Some designers argue that choosing the right fonts and using them appropriately is one of the most important aspects of effective graphic design.

While there is no right or wrong way to choose your fonts, or mix and match them, the following guidelines can help you to create a graphic design project that is visually appealing and attractive, and also allows for maximum readability.

Use Fewer Fonts:

As a general rule, you should limit the number of fonts used in your design to no more than 3 or 4. Too many fonts is both unattractive and confusing to the viewer. You want your design to be cohesive and legible, and mixing in too many fonts can be overwhelming.

Experiment with different amounts of fonts, keeping in mind that the fewer fonts you are using, the better. Sometimes, sticking with a single font family and taking advantage of the different weights, such as bold, light, condensed, and italic, can be your best solution!

Use Contrasting Styles:

Don’t mix two fonts that are too similar in a single graphic design project. For example, using 2 different serif fonts or two different script fonts in the same project can be confusing and distracting. If you’re mixing multiple typefaces in a single document, make sure the fonts compliment each other but are different enough to create contrast.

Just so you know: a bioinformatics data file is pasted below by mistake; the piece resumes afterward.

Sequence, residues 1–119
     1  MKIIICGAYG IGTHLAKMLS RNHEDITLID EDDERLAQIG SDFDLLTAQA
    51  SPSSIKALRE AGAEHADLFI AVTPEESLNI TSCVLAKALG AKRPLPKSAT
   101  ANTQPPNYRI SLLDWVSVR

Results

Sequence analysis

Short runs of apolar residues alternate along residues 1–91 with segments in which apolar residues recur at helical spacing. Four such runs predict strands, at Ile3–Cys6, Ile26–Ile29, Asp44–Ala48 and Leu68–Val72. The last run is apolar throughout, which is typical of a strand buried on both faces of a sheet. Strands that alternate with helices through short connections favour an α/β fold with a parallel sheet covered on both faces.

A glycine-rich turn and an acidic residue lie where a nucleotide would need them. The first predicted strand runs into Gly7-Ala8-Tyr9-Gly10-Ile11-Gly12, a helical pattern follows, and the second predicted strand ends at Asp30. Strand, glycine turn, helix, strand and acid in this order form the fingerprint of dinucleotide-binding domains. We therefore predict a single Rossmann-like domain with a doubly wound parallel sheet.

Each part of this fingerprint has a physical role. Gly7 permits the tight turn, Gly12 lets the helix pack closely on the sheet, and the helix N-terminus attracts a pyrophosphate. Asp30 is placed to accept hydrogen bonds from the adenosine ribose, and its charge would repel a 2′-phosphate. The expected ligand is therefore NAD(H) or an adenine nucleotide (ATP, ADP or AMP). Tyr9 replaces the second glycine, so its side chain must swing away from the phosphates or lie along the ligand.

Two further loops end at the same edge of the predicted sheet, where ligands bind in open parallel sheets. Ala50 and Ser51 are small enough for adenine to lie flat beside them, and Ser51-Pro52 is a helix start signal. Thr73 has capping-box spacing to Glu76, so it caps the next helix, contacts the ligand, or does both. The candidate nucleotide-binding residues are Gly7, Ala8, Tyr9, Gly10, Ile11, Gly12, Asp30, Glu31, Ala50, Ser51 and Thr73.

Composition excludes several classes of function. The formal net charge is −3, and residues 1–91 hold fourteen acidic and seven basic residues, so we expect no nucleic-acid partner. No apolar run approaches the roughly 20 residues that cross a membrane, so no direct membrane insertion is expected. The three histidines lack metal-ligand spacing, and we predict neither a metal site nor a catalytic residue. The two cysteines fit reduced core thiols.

Pairing together a serif font with a sans serif font, or a script font with a sans serif font, or even a bold font with a thin font, is a good practice to follow when trying to achieve the right amount of contrast in your fonts.

Consider the Proportions of the Fonts you Choose:

You’ll normally want your headline fonts to be unique and distinctive, while you’ll want your body copy to be more legible and common, without unusual characters or shapes, but as important as the font choice is the proportion of the letters.

Body copy should be set in a typeface that is easy to read with correctly spaced letters. Avoid fonts with monospacing between letters, as this draws attention to the individual characters and distracts the reader from the copy as a whole.

Be more creative with your headline fonts. Consider fancy typefaces or those with an illustrative quality to their design. Sometimes the font alone can convey a message before the text is even read.


Remember, these guidelines are only that – guidelines. There are no set-in-stone rules for choosing and mixing your fonts but starting off with these guidelines can help you to create a cohesive, legible, and meaningful design. Or, even help to jumpstart your design project. As long as your design achieves its intended purpose, you’ve done a good job!